Disgraced Rep. Duncan Hunter Can Receive $1.2+ Million In Congressional Pension
A congressman who served 11-years admitted to using his campaign account as a personal piggy bank. Indicted and convicted of a felony, he was scheduled to report to federal prison in January of this year but received a pardon by the president before serving any time.
California Rep. Duncan Hunter billed his campaign account for family trips to Hawaii and Italy, round after round of golf, and even for 30 tequila shots (and one steak) for a bachelor party ($462). His kids’ tuition ($6,150) and school lunches ($1,372) were claimed as campaign expenses.
In December 2019 (after being re-elected), he admitted to converting “more than $150,000 in Campaign funds…for personal use and enjoyment[.]”
In January 2021, Hunter was to start serving 11 months in prison, except that President Donald Trump gave his fellow Republican a pardon for Christmas.
So, naturally, U.S. taxpayers will… pay him a congressional pension that may ultimately cost $1.2+ million.
Hunter was going to get the pension anyway. Whether by design or accident, Congress forgot to include the misuse of campaign funds in its list of 29 disqualifying felonies that prevent members from getting a federal pension.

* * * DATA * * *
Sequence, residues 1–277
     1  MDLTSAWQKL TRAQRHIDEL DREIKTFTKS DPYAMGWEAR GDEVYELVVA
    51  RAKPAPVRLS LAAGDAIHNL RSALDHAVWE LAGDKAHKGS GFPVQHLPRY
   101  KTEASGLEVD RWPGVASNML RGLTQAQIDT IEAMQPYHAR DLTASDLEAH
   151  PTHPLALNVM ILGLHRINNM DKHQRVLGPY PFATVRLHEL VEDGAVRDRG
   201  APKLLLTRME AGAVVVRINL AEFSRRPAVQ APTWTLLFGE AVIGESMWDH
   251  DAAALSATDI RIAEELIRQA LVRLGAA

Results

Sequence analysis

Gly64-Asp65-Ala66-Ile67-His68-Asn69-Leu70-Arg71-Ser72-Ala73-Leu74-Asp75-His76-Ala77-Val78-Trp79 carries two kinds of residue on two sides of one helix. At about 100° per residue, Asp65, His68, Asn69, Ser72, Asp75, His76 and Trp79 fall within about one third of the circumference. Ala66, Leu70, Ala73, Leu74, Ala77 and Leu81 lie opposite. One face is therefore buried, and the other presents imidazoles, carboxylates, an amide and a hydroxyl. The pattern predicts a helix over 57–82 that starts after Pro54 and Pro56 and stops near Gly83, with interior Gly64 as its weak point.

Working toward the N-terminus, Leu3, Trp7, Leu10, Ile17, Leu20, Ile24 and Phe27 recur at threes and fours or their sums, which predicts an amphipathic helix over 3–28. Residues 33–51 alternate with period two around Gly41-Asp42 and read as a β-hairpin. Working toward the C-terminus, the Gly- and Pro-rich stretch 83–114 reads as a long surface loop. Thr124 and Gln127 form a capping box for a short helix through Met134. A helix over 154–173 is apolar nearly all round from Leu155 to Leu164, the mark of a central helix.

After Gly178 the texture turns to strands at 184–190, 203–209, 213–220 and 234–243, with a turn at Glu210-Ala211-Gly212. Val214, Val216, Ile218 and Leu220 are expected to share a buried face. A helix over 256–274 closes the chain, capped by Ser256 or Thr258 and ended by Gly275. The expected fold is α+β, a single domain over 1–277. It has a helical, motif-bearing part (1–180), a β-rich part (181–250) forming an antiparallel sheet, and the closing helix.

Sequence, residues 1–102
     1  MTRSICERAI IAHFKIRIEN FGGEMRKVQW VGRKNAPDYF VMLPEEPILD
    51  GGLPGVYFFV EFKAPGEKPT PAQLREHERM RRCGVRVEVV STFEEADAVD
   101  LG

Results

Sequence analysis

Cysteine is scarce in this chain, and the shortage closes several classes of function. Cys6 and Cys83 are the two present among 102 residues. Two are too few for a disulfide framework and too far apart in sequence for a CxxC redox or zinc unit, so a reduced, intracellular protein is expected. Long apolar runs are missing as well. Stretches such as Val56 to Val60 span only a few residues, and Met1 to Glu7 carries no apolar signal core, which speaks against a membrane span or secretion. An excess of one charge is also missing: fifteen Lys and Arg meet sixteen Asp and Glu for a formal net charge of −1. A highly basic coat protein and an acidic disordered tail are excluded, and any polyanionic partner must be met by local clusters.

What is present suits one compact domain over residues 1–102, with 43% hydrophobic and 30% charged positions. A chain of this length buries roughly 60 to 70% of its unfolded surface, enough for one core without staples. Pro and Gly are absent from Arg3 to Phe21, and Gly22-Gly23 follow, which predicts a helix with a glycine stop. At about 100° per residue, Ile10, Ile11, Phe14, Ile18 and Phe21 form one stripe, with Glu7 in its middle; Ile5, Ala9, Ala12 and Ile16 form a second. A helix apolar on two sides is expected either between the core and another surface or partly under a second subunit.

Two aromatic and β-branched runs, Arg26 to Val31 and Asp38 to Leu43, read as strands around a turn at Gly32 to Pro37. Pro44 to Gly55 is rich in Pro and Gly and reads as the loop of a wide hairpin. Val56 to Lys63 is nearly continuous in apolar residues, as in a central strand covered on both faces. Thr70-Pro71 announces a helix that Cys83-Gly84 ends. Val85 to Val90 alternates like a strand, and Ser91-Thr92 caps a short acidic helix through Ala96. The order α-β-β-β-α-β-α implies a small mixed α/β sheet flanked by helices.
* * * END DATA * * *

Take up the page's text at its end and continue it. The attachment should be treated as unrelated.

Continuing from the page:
So, when the 44-year-old convicted, and now-pardoned, politician turns 55, he’ll be eligible to collect approximately $24,200. By the time he’s 81, Hunter likely will have collected $1.2+ million in taxpayer-funded pension payouts.
That’s a guess because pension payouts to members of Congress and federal workers currently are exempt from disclosure under the Freedom of Information Act.
Our auditors at OpenTheBooks.com have led the effort to open federal pension records to sunshine. Furthermore, we have twice confirmed that no members of Congress have ever been stripped of their federal pension because of a conviction.
That news might make taxpayers want to hit the tequila shots as well.
The #WasteOfTheDay is presented by the forensic auditors at OpenTheBooks.com.